locationhttps :// t.co/DqFRvlIXbl https://t.co/8cQcrWcyuP
Never had to wait to vote - until yesterday. 2— Sam Alipour (@samalipour) March 4, 2020
hr waitat my nearest polling location in west LA. Thought we Californians agreeedto make voting easier. We’re the “woke state”, right? So how bad does the rest of americahave it? So disappointing. Hope I’m an anomaly @latimes https://t.co/852RWN8vgG
PINGED, PATCHED, PWNED
Senate Commerce, Science, and Transportation Committee Chairman Roger Wicker (R-Miss.).
Among the bills the executives endorsed at a Senate Commerce Committee hearing: the recently passed Secure and Trusted Communications Network Act, which would create a $1 billion program to help small U.S.
Lawmakers introduced the bills in reaction to growing concerns that Huawei could be compelled to provide China with a back door for spying into any networks that use its equipment.
Telecommunications companies AT&T, Verizon and Juniper also wrote to Senate Commerce Committee members ahead of the hearing supporting the bill.
Huawei wasn’t invited to testify at the hearing, but two officials, Chief Security Officer Andy Purdy and Congressional affairs lead Donald Morrissey, showed up anyway and sat in the front row.
Sitting in— Andy Purdy (@andy_purdy) March 4, 2020
front rowof the hearing. Hope they will invite us to respond!! Not enough focus on what is necessary tolake America safer and equipment suppliers more secure! #huaweuusa #connectnotdivide#huawei
He and Morrissey panned the hearing for focusing more on senators’ criticism of Huawei than on ways to guarantee that all components of 5G networks are secure as possible.
Tik Tok logo.
Hawley said the ban is needed because the Chinese-owned app “tracks your search history, your keystrokes, your location,” and sends that information to the Chinese government:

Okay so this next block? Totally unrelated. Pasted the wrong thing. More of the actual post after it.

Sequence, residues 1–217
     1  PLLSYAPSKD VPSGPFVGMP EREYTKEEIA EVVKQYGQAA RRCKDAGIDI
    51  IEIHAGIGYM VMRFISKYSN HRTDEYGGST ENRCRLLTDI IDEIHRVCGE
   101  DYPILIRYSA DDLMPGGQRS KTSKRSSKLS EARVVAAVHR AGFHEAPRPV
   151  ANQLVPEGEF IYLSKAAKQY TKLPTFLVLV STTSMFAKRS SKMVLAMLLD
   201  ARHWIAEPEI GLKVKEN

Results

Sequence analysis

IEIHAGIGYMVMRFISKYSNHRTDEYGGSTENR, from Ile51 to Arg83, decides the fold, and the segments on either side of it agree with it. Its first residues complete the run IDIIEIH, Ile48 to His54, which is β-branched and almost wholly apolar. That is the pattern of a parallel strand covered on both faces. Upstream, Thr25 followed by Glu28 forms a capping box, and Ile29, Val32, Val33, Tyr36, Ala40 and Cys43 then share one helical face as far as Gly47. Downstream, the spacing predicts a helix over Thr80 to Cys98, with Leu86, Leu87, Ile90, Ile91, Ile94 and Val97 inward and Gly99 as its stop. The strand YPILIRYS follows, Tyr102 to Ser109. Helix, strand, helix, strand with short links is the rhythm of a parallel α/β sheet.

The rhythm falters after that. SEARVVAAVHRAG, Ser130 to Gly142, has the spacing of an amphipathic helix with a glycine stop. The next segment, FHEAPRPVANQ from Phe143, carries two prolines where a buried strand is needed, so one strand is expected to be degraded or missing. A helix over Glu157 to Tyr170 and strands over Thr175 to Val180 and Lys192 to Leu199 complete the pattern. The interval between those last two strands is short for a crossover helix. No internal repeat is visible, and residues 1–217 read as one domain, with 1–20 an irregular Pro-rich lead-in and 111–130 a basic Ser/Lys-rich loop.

.@tiktok_us tracks your search history, your keystrokes, your location - and shares it w/ #china. That’s why— Josh Hawley (@HawleyMO) March 4, 2020
Pentagon, State Dept, Homeland Security & TSA banned it for employees. I will introduce legislation to ban @tiktok_us for ALL federal employees on all govtdevices
“There's certainly no place for applications like TikTok on government devices and government networks,” Bryan Ware, assistant director
Both TikTok and Apple declined to send executives to the hearing, the second called by Hawley on the relationship between Big Tech and China. So far, there's no public evidence that TikTok shares any data from Americans
“While we think the concerns are unfounded, we understand them and are continuing to further strengthen our safeguards while increasing our dialogue with lawmakers to help explain our policies,” TikTok said in a statement.
A health note on best practices to avoid the
In one case, hackers posing as officials from the World Health Organization targeted thousands of organizations in Italy, where more than 100 people have died of the disease, with phishing emails aiming to steal their usernames and passwords.
Researchers at another
CHAT ROOMMike Bloomberg wasn’t the only long-shot former tech tycoon to drop out of the 2020 presidential race yesterday. Perennial candidate John McAfee, the gonzo founder of the anti-virus firm that bears his name, also announced his departure on Twitter. McAfee said he plans to seek the vice-presidential slot as a Libertarian.
I regret— John McAfee (@officialmcafee) March 4, 2020
That I am ending my campaign for President.
I am instead
Attempting to run
For the Vice Presidential slot.
I have asked my Campaign Manager@Loggiaonfire
To contact the Campaign of Libertarian @VerminSupreme
And offer to be his VP pick.
Full explanation in video. pic.twitter.com/750ggzJdBY